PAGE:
MOSCOW. (Alexander Peslyak, RIA Novosti) - A memorial plaque dedicated to the 100th birth anniversary of Vladimir Barmin (1909-1993), a founding father of this country's space rocket industry, was recently unveiled on the wall of an apartment house on Moscow's Romanov Pereulok.
Another memorial plaque will be unveiled on the wall of the main building of the Bauman Moscow State Technical University, near those of Sergei Korolyov (1906-1966) and Nikolai Pilyugin (1908-1982) and other co-founders of the Soviet space rocket industry.
Barmin oversaw the design of the legendary Katyusha multiple rocket launcher during World War II and later helped develop unique missiles and space rockets, including Energiya-Buran, Proton and Soyuz launch vehicles.
Korolyov and others developed rockets and missiles, while Barmin built sprawling cities in Asian deserts and the Siberian taiga, umbilical towers and industrial plants (since successful rocket-and-missile launches required intricate equipment networks, specialized buildings and other structures operating as a single whole). All of this constituted the ground infrastructure for space rocket launches.
Unlike Korolyov and his team, Barmin received only one Hero of Socialist Labor Star medal for successfully launching a nuclear-capable missile.
When Nazi Germany invaded the Soviet Union on June 22, 1941, Barmin was working as chief designer for the Compressor Plant in Moscow. At that time, the Soviet government ordered him to mass-produce the unique Katyusha multiple rocket launchers.
Although Barmin sometimes had conflicts with his superiors, the first Katyusha launchers were eventually assembled and rushed to the front. By December 1941, over 400 launchers were ready to take part in the Soviet counter-offensive near Moscow.
When the war was still in full swing, Barmin received the Order of Kutuzov, 1st Class, a prestigious award usually given to the Red Army's front commanders and their deputies for effectively supervising large-scale military operations.
Katyusha launchers paved the way for new-generation rockets and missiles. In the mid-1950s, the U.S.S.R. tested and adopted R-5, R-7 and R-9 ballistic missiles. At that time, Barmin was the first to suggest deploying silo-based missiles and pioneered in the use of the requisite technology, principles and methods. This made it possible to shield them against a hypothetical pre-emptive strike, to enhance their reliability and independent operation.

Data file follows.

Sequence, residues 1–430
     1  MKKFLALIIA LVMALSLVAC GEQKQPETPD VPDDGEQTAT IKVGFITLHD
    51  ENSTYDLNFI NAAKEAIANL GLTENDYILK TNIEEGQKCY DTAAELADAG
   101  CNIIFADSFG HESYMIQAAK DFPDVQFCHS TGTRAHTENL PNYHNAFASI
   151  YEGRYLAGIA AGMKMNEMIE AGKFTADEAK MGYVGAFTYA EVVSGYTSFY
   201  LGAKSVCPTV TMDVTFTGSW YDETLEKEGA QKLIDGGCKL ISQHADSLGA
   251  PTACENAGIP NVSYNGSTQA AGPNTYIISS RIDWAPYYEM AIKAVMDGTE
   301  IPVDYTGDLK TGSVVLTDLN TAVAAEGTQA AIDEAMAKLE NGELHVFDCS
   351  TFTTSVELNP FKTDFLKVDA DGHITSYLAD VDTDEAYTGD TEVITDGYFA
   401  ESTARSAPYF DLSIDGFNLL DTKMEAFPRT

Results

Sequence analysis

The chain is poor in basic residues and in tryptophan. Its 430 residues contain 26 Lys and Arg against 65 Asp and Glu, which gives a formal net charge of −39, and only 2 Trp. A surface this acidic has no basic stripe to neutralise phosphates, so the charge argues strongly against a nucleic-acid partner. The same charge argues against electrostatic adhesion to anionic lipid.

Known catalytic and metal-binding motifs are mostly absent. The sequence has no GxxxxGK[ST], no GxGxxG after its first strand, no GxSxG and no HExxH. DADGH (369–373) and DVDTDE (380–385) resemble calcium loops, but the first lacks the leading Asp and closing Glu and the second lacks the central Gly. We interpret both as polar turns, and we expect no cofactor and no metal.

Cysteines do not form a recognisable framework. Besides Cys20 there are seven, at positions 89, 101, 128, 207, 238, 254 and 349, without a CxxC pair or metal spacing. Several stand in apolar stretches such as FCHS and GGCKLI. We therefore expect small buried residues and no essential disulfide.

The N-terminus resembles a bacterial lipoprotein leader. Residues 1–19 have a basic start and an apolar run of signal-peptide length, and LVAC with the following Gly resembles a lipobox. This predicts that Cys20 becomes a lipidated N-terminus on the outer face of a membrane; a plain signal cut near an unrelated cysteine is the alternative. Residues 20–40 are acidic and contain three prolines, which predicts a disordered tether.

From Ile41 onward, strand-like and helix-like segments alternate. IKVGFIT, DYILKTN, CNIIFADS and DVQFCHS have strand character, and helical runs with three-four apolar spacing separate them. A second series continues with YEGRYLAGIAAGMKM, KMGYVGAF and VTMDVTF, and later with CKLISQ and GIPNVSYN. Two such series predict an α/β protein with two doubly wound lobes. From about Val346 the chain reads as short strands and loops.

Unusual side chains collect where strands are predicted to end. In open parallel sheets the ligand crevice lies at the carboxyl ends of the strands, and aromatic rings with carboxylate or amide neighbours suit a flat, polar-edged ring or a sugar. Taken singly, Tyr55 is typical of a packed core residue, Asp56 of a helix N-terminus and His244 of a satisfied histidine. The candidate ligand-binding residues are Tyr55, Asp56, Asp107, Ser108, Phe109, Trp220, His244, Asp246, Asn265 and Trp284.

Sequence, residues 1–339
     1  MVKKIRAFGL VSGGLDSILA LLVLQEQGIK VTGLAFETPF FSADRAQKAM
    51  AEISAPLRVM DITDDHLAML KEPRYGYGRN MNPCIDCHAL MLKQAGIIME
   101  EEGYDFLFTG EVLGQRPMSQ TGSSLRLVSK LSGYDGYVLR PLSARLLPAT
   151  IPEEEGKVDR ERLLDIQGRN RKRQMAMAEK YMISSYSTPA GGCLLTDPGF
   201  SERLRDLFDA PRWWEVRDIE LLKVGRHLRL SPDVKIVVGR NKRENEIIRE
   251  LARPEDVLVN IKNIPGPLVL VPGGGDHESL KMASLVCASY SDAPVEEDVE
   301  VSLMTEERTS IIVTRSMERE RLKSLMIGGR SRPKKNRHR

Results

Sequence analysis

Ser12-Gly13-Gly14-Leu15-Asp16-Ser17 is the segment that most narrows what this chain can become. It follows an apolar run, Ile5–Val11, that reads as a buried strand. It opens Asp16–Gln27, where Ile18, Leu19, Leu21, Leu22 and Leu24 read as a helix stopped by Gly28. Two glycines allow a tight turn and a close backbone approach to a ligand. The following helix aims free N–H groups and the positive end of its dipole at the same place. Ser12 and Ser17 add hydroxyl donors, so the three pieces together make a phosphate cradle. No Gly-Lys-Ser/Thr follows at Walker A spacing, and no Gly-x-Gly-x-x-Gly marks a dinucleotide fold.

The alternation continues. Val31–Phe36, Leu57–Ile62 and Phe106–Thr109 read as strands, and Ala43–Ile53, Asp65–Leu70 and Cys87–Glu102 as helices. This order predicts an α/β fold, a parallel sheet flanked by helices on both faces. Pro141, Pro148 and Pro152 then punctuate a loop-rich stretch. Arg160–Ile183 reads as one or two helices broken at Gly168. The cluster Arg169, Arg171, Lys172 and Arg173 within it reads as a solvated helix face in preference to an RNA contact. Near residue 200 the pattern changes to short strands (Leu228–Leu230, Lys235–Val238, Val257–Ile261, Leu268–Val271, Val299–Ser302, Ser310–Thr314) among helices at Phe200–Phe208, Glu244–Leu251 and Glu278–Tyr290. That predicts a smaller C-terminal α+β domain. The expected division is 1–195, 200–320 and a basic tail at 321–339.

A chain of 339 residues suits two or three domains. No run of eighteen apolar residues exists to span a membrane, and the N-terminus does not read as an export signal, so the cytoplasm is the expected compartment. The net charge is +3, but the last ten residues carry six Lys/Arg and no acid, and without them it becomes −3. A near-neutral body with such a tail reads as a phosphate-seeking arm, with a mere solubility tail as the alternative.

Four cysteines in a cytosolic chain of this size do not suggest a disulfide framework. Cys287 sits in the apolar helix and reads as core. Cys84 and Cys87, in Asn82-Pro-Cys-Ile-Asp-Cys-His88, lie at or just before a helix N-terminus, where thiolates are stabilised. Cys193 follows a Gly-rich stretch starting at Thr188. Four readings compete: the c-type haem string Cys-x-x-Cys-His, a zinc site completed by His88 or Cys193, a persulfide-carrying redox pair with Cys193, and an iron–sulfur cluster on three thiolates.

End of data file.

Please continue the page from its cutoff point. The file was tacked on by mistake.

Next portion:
On August 21, 1957, a nuclear-capable intercontinental ballistic missile lifted off from a pad at the Baikonur space center in Kazakhstan. Sputnik One, the first man-made space satellite, was launched on October 4, 1957, thereby proving that the U.S.S.R. could deliver missile warheads to any part of the world. Yury Gagarin (1934-1968), the first man in space, lifted off from the same facility on April 12, 1961.
At present, launch facilities developed at the design Bureau of General Machine-Building are used to orbit telecommunications and scientific satellites, automatic interplanetary stations, as well as orbital stations and manned spacecraft. The Baikonur space center has launched over 1,300 Soyuz and Proton rockets to date.
The launch infrastructure comprises umbilical towers and girders, refueling systems, numerous storage facilities, transporters and erectors. Upgraded launch facilities have been operating for at least 40 to 50 years in conditions of strong winds, scorching heat, biting frost, high humidity and powerful acoustic and thermal shocks.
Barmin's colleagues continue to build launch pads at the Guiana Space Centre in French Guiana, from where the first Soyuz rockets will soon lift off, as well as the Angara launch facility at the Plesetsk space center, and the Baiterek ground complex at the Baikonur space center.
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